Marketing ROI can been extremely simple and then again extremely complicated. Everyone has a blog, article, book, opinion about it, which isn’t surprising. Let’s apply the KISS principle by keeping it simple.
Without researching your balance sheet, quickly pencil down a ballpark estimate of the following:
- Your firm’s Total Revenue last year.
- Your firm’s Total Advertising Expense last year.
- Your firm’s Total Referral Fees paid last year.
A simple yet useful calculation of your marketing ROI
Add Total Advertising and Total Referral Fees together. Divide that number into your Total Revenue number. That is your Marketing ROI.
$10 million (Total Revenue)
$1 million (Advertising expenses) + $2 million (Referral fees paid) = $3.33… which means you are generating $3.33 for every $1.00 you spend on advertising.
To put it another way, this is an ROI ratio of 3.33 : 1.
Why referral fees are a marketing expense
You may believe that referral fees are not a marketing or advertising expenditure. They’re just part of the cost of running a law firm. You should take out referral fees from this calculation.
By removing referral fee costs changes things dramatically, from a ROI ratio of 3.33 : 1 to one of 10 : 1 increasing the efficiency of your marketing dollars (and your profits) by about ten-fold.
Referral fees aren’t a fixed cost like rent. They are what you pay to acquire clients, which clearly makes them a marketing expense. If you don’t include referral fees in calculating your marketing ROI, you are artificially inflating your ROI and managing with flawed information.
The inefficiency of referral fees
If law firms included referral fees in calculating their marketing ROI, they would find that these fees are a very expensive and inefficient use of their marketing dollars. Yet, most firms blissfully prefer to pay out 33% to 45% of their top line revenue as referral fees rather than consider paying out a much smaller percentage of their revenue as advertising. That is, they choose to accept a much lower return on their marketing investment.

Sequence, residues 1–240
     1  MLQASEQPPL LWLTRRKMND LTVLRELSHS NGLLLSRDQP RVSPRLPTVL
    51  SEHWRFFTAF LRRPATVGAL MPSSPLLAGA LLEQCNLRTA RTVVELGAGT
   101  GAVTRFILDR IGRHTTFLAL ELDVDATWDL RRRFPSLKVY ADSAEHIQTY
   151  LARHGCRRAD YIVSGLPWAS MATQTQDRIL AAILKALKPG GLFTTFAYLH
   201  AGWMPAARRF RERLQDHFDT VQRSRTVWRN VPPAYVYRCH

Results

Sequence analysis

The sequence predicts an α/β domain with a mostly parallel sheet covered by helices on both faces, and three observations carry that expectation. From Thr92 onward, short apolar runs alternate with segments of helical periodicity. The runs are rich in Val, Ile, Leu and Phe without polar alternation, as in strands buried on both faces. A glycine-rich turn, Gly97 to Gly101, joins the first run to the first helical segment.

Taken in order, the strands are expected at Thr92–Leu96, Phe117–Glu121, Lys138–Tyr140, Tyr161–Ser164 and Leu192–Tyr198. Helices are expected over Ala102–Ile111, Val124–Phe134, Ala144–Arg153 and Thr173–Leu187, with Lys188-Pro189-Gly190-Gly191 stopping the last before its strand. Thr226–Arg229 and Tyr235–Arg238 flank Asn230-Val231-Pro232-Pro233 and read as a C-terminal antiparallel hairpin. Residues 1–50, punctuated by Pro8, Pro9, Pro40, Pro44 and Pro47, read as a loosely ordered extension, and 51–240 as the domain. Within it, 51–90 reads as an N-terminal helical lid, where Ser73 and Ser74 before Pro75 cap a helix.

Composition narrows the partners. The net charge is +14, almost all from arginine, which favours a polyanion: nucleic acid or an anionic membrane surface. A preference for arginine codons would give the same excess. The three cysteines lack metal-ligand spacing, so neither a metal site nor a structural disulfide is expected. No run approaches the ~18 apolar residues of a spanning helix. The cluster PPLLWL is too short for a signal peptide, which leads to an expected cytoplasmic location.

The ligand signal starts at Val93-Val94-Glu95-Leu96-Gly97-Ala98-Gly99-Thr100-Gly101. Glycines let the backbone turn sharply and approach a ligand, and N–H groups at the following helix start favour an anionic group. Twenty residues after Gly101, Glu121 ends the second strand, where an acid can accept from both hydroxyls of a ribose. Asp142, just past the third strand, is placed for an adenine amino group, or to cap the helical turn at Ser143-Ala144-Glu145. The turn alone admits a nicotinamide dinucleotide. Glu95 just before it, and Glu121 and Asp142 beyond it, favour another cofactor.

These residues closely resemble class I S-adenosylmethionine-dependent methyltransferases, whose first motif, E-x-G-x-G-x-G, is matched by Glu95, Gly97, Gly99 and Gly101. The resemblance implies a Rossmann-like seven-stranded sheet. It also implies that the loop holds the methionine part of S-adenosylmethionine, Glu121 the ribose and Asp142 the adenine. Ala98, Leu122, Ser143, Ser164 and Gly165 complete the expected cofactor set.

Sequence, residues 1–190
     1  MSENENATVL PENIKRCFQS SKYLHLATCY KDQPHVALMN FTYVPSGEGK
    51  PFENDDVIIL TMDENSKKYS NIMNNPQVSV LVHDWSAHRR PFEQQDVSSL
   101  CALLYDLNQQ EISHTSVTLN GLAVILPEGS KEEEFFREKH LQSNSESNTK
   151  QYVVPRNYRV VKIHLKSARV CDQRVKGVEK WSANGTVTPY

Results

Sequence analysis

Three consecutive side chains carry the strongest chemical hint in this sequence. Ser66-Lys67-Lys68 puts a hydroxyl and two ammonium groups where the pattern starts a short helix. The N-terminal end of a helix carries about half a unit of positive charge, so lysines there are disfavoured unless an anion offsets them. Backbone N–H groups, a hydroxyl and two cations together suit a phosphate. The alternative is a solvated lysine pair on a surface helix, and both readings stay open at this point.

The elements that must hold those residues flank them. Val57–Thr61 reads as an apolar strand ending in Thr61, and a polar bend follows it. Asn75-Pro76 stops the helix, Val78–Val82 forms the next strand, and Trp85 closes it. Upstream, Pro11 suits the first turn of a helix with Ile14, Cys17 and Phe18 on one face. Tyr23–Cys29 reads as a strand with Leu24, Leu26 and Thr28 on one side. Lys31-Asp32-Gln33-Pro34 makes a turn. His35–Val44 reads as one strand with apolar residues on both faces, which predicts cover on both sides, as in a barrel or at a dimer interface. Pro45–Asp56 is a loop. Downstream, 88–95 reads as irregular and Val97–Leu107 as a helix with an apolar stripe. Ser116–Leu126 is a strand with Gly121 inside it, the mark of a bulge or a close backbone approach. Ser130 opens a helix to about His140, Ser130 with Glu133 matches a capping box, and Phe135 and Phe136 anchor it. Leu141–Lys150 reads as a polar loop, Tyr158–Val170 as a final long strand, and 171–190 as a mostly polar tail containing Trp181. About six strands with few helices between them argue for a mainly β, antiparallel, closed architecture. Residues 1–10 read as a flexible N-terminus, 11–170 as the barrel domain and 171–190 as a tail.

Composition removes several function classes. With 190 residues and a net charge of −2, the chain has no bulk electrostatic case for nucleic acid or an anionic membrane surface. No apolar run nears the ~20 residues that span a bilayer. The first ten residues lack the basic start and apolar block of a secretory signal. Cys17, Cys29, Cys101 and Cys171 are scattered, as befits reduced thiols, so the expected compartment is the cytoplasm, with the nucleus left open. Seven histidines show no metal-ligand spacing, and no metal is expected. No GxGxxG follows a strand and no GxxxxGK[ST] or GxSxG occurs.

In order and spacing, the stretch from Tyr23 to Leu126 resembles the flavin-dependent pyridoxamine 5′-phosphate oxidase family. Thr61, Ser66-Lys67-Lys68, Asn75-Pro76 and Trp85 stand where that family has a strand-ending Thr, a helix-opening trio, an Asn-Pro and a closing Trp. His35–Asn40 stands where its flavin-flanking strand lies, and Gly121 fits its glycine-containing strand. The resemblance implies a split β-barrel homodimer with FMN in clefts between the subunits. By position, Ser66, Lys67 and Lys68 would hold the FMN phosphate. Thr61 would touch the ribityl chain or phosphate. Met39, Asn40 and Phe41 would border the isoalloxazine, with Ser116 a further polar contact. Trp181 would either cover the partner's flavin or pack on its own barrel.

Why? First, most firms don’t calculate their marketing ROI. They are flying blind, with no idea of how efficiently their marketing dollars are working. Second, the referral fee system is comfortable; it’s the way things are done. Law firms who operate this way really aren’t focused on financial success. And that’s okay, money is not everything but if you don’t care about making money, why are you reading an article about return on investment?
Consider this hypothetical self test:
You examine your theoretical financials carefully at year-end. You find that your firm collected $10 million in gross legal fees.
If you could choose one of the next two statements to be true, which would you prefer?
- You find that your firm paid out $3 million in referral fees on those cases and your ad budget is very small for a marketing ROI ratio of 3.33 : 1.
- You find that your firm spent $2 million on advertising in that same year and you have almost no referral fees paid out for a marketing ROI of 5 : 1.
Think about it.
Your specific preference will likely determine your Advertising ROI and your outlook on your practice.
Improving your marketing ROI takes more than calculating it
If you have not yet figured out your marketing ROI, it is probably not the highest and best use of your time to start working on it now. First, improve your personal ROI by committing to doing whatever it is you do best (lawyering, managing, leading, inspiring, or dreaming) and hire a serious marketing professional to manage your marketing. Give them KPI’s (Key Performance Indicators) to obtain. You’ll be amazed by the results.
Time and time again during my years of marketing law firms, I’ve seen a financial transformation occur when firms decide to base their marketing decisions on real information versus intuition or tradition or simply hope.